“However, with lenders set to face tough stress tests later this year and action from the Financial Policy Committee in June perhaps dampening expectations of future house price growth, the recovery in mortgage lending still looks likely to be a gradual affair.”
The figures come the day after data from the Land Registry showed house price growth in England and Wales stalled during June.
Property values fell in seven regions, with Yorkshire and the Humber seeing the biggest drop of 1.3 per cent, while prices fell by 1 per cent in both the East Midlands and North East.
Even in London, which has been the main driving force for the market, prices edged ahead by just 0.1 per cent during June.
But across England and Wales as a whole, house prices were still 6.4 per cent higher than they had been a year earlier at an average of £172,011.
The figures add to growing evidence that some of the heat is coming out of the property market, as more homes are put up for sale, easing the mismatch between supply and demand.
Surveys from estate agents also suggest that potential buyers are becoming more cautious in the face of high house prices and concerns about future increases in interest rates.
Recent strong price growth has left the average UK home costing £260,311, according to Zoopla.
Nine out of 10 home owners expect house prices to rise in the next six months despite almost half saying getting a mortgage is more difficult than three months ago, Zoopla reveals.
As many as 92 per cent of home owners are confident that the value of their property will increase during the rest of this year, according to the latest Zoopla Housing Market Sentiment Survey.
The average prediction is that values will rise 7.6 per cent during this period.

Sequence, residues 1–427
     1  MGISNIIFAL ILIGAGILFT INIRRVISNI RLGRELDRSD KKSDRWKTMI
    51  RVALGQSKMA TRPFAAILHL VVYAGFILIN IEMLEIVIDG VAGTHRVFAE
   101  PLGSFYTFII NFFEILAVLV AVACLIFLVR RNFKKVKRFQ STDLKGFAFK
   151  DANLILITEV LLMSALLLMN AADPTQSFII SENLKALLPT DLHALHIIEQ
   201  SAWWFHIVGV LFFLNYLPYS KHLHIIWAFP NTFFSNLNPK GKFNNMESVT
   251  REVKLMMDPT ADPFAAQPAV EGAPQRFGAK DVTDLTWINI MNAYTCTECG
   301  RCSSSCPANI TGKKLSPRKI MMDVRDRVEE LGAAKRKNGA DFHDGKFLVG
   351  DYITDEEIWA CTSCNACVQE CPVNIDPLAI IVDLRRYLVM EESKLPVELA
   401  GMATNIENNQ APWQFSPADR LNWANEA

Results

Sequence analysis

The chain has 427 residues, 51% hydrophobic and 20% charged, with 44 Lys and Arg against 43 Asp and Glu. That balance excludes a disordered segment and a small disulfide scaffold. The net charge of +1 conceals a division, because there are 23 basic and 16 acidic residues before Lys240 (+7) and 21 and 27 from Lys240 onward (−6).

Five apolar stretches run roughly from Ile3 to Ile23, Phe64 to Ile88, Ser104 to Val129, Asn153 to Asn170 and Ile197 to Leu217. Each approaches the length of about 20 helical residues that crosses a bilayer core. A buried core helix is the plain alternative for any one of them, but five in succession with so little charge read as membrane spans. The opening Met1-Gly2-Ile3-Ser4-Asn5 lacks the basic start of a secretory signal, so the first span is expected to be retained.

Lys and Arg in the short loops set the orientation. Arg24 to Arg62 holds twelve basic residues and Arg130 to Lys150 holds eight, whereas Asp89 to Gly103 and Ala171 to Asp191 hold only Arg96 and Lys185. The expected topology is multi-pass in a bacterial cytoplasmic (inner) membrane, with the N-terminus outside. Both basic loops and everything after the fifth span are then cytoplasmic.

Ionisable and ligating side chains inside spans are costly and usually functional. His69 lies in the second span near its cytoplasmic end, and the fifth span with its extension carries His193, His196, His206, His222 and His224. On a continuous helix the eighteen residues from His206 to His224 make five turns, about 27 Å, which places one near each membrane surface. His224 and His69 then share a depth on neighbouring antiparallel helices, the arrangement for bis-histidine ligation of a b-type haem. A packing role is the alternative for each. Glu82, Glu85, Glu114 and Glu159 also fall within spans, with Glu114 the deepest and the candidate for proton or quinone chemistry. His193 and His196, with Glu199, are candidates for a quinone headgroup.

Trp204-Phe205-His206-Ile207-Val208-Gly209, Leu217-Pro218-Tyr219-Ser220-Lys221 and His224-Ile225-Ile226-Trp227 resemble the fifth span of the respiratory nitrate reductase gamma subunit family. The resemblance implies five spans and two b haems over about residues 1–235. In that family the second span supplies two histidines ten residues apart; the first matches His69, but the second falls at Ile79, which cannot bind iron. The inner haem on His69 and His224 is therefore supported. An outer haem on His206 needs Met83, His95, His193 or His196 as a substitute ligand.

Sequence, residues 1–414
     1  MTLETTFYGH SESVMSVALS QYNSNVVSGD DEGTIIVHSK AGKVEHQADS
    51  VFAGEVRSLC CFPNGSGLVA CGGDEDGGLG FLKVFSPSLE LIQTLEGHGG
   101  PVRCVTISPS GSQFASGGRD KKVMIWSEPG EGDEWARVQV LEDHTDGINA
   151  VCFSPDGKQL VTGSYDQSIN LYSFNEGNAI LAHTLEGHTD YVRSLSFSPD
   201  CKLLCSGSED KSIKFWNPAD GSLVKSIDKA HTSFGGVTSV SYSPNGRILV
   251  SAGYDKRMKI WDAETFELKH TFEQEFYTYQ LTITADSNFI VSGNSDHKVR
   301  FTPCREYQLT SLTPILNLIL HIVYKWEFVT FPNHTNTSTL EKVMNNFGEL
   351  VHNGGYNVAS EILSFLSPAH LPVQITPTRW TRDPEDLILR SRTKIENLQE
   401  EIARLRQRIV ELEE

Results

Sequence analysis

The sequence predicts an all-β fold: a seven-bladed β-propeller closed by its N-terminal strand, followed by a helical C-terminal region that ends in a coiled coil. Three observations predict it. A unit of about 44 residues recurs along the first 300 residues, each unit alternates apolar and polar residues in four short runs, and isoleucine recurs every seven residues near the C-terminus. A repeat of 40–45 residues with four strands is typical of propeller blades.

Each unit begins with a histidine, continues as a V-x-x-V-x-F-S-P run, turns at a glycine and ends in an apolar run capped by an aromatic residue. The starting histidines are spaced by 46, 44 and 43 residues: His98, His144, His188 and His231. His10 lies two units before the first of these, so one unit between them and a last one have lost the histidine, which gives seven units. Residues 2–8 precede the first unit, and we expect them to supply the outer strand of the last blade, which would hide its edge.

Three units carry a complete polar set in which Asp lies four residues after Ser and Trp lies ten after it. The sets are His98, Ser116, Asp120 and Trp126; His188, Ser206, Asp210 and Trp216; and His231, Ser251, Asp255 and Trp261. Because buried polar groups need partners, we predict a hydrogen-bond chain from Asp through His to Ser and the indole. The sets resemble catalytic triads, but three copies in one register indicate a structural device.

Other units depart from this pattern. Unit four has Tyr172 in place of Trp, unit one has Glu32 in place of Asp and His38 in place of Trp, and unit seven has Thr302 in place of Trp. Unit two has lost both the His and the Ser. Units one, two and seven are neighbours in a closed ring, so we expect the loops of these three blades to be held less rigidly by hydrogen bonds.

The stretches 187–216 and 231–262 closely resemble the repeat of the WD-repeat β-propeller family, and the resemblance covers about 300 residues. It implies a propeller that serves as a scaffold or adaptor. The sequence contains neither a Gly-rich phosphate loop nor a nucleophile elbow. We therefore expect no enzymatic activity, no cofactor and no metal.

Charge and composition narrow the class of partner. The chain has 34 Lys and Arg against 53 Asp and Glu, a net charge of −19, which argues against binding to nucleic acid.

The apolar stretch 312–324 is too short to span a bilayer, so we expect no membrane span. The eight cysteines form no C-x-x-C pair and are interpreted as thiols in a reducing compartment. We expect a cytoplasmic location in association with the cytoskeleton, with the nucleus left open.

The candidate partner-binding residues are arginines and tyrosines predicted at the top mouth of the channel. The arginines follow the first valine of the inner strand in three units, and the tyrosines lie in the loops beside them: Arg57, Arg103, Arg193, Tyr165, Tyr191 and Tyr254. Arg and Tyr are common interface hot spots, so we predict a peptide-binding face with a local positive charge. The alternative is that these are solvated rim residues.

It comes amid growing concern that the introduction of tighter mortgage rules is stalling the housing market, with the survey suggesting four out of every 10 home owners believing getting a mortgage is now harder than three months ago.
However, the new rules are not putting the brakes on Britons carrying out home improvements with 79 per cent of home owners planning to spend at the least the same or more on doing up their properties.
However, one significant shift is in the outlook among London home owners, who are no longer the most confident in the country about house prices in their area.
The proportion of home owners in the capital expecting prices to rise in the next six months has fallen from 98 per cent to 92 per cent in the last three months. It follows a sharp increase in London, where average house prices have climbed £63,069 to £567,392.
The Zoopla survey found that the South East, the South West, the East of England and the West Midlands have all overtaken the capital in terms of homeowner confidence.
Zoopla’s Lawrence Hall said: “After months of consistent growth in the capital’s property market we are now seeing a slight increase in caution among London’s homeowners. More broadly, securing a mortgage appears to be getting harder now that the Mortgage Market Review has caused lenders to be more rigorous with their lending criteria and approval process.”
PROPORTION OF HOMEOWNERS EXPECTING PRICES TO RISE BY DECEMBER
|Region||Rise (%)||Flat (%)||Fall (%)|
|South West England||95%||4%||2%|
|South East England||95%||2%||2%|
|East of England||93%||6%||4%|
|Yorkshire and The Humber||91%||6%||4%|
|North West England||90%||7%||3%|
|North East England||87%||8%||5%|
Source: Zoopla.co.uk (July 2014)